The idea of Mars being inhabited today may sound far-fetched, but a number of unusual events during past Mars missions are enough to give pause. Take, for example, the Soviet Phobos II probe, which was lost in mysterious circumstances in March 1989 as it moved into orbit around the Red Planet. The Soviets claimed publicly that Phobos II had spun out of control as a result of mistakes made by ground command, but also admitted that the probe had encountered – and photographed – an unknown object shortly before it was lost. Discussing the failure of Phobos II on March 29, 1989, Alexander Dunayev, Chairman of the Glavkosmos space organization, said that the precise nature and origin of the unknown object had yet to be determined, but he speculated that it could be “debris” or part of the probe’s propulsion system. However, the enormous size of the anomaly - which, based on its appearance in the photograph, has been calculated as being up to two kilometers wide and twenty kilometers long - would seem to rule out these possibilities.


In any case, officials within the Russian space program would hear a very different accounting of what befell Phobos II from a team of remote viewers they later commissioned to investigate the probe’s failure. In September 1991, the remote viewers – formerly with the DIA’s project Grill Flame – presented their findings in a report titled “Enigma Penetration: Soviet Phobos II Spacecraft Imaged Anomaly,” which stated that the probe was disabled by an “object” already in space that “moved into close proximity” of Phobos II before directing “a very powerful, wide, penetrating particle beam into the interior of the spacecraft.” According to the report:

“The directed energy was neither reflected nor absorbed by the probe’s skin. However, the beam inflicted serious damage upon the spacecraft’s electronic components, altering or rearranging their material structure at the molecular level to such a degree that circuits became paralyzed, in turn rendering many systems dysfunctional.”

The photo of the unknown object was made public in December of 1991 when retired Soviet air force Colonel Marina Popovich displayed it for American reporters in San Francisco. Popovich argued that the object - which was cylindrical in shape - was indeed anomalous and did not rule out the possibility that it may have been an alien spacecraft.

It is also worth noting that on August 21, 1993, NASA’s Mars Observer probe was similarly lost en route to the Red Planet. Just three days prior to entering Mars orbit, NASA reported an “inexplicable” loss of contact with the probe. The US Naval Research Laboratory produced a report the following year citing a ruptured fuel pressurization tank as the cause, but remote viewer David Morehouse would later tell Jim Marrs that the probe appeared to have suffered the same fate as that of the Soviets’ Phobos II. In other words, the Martians did it.

The Angry Red Planet: Mars at the Movies

It seems that the Martian Curse affects not only Earth’s Mars-bound missions, but Hollywood’s movie’s about the Red Planet also. For decades, Hollywood filmmakers have been romantically drawn to the mysteries of Mars, compelled to explore the majestic sweep of its rust-hued surface and to unearth its ancient subterranean secrets. Hollywood’s love for Mars, though, is unrequited. Indeed, one could be forgiven for suspecting that the potential inhabitants of the planet (be they microbes or, as has been suggested by remote viewers, technologically advanced underground base-dwelling humanoid beings) are aggressively ‘anti-Hollywood’ and are actively working their magical and malicious Martian mojo against each and every one of Tinseltown’s ‘aliens-on-Mars’ movies.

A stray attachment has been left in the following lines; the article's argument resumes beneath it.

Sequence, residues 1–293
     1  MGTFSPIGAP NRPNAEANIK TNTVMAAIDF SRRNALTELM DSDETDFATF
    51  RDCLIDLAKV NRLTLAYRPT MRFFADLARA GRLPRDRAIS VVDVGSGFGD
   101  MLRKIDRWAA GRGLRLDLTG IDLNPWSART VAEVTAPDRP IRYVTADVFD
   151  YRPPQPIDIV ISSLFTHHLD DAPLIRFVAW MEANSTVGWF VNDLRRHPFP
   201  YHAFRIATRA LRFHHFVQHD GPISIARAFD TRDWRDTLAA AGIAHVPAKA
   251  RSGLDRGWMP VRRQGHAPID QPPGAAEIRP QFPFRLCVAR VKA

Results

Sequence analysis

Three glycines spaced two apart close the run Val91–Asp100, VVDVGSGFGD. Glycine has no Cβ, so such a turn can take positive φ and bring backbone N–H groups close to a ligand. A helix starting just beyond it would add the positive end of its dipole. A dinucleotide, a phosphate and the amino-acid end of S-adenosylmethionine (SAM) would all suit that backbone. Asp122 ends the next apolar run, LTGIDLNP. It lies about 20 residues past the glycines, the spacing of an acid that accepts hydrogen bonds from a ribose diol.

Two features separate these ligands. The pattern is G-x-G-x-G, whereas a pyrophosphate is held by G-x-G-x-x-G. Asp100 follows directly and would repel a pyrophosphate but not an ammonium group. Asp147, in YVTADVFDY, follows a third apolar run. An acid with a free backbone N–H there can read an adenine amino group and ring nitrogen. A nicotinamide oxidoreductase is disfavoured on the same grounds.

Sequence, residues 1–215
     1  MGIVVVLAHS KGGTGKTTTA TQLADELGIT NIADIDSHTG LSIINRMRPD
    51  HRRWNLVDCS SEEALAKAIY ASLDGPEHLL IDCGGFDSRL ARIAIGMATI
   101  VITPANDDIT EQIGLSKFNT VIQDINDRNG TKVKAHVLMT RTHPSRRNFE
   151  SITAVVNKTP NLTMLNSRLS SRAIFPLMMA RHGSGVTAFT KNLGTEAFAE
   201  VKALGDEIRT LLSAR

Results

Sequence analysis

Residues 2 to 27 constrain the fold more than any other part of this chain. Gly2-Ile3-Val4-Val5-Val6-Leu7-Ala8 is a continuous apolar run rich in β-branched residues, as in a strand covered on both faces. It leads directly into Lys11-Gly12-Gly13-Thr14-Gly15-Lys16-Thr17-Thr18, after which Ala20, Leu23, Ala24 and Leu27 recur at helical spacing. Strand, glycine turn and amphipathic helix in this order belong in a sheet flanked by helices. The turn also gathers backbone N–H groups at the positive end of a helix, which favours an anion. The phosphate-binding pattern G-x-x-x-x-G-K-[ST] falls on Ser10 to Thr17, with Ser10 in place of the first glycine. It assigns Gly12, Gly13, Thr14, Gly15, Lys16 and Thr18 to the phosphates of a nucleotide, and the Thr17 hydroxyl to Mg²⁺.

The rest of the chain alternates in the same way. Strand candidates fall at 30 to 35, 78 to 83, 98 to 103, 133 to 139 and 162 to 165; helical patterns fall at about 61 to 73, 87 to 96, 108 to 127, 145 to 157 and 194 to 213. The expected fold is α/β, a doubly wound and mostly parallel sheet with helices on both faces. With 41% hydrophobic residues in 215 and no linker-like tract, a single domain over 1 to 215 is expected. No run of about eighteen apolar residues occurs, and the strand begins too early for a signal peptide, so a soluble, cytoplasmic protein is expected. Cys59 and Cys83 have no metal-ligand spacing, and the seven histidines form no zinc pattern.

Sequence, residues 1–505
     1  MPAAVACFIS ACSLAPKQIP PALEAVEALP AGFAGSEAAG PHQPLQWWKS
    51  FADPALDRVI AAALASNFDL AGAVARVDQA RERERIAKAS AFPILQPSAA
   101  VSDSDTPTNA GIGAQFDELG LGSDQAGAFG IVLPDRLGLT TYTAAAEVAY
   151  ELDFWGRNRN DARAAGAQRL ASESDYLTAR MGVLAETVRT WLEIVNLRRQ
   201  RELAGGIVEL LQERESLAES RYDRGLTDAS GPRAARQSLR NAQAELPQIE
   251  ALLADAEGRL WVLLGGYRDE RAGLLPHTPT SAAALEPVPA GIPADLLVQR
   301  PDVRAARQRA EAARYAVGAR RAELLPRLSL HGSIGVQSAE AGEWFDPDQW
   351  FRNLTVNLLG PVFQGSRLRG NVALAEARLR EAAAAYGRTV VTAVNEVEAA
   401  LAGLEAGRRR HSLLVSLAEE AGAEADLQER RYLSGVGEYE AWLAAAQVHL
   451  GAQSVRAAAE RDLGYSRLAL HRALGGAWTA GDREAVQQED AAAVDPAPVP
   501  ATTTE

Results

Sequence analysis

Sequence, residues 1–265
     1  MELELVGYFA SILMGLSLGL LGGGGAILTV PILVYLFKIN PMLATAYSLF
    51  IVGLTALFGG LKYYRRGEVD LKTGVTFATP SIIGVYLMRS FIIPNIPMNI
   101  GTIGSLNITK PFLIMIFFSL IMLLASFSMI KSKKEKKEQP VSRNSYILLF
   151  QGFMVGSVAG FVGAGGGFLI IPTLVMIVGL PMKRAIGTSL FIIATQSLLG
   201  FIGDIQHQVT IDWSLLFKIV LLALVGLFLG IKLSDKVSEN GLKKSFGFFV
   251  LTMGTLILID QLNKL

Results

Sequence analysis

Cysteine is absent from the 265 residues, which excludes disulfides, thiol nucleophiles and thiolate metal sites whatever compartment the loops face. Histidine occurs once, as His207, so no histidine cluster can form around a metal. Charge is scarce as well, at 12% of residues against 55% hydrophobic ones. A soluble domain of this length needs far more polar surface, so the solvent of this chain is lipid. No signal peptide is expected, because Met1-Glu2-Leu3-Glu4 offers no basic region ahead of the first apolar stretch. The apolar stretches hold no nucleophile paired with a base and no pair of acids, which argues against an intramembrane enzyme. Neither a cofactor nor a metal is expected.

With the notable exception of War of the Worlds (1953) – which was a critical and commercial success – Hollywood’s Cold War-era Mars movies truly did seem to be, well, cursed. Movies such as Rocketship XM (1950), Flight to Mars (1951), Red Planet Mars (1952), Invaders from Mars (1953),The Angry Red Planet (1959) and The Day Mars Invaded Earth (1963) received – at the very best – mixed reviews from critics (most were savaged) and generated little or no profit. But the Mars movie-bomb conveyor belt was only just slipping into gear. Here is a quick chronological glance at some of Hollywood’s most memorably disastrous visits to the Red Planet:

  • Robinson Crusoe on Mars (1964): The plot is in the slightly laughable title, but the movie itself is a surprisingly sober and dramatically engaging affair. It was also billed as being “scientifically accurate” based on technical advice that the production received from NASA (though, actually, it’s about as scientifically accurate as the Transformers franchise). There were high hopes for the movie, and a sequel - Robinson Crusoe in the Invisible Galaxy - was planned but quickly scrapped after the first movie took a nose dive at the box-office.
  • Santa Claus Conquers the Martians (1964): The title says it all. It is currently ranked number 77 in the IMDB’s bottom 100 movies of all time.
  • Mars Attacks! (1996): Inspired by the cult trading card series of the same name, Tim Burton’s manic B-movie parody – described by the director as “kind of a Mad magazine version of Independence Day” – had a production budget of $80 million, on top of which Warner Bros. forked out $220 million on marketing. The movie grossed just over 100 million worldwide and introduced Burton to the notion of box-office failure (something he has rarely experienced since).
  • My Favorite Martian (1999): a big screen version of the popular 1960s sitcom of the same name in which a Martian crash-lands on Earth and disguises himself in human form. This Disney flick grossed just $37 million against a budget of $65 million and was slammed by critics. It has a great opening scene though (see video below).
  • Mission to Mars (2000): When the first manned mission to Mars meets with disaster in the year 2020, the ensuing rescue mission learns that humans are descended from an ancient and long since departed race of Martians. Disney (again) and director Brian De Palma had high hopes for this $100 million epic, but the best it could do at the worldwide box-office was to recoup its productions costs plus a paltry $11 million.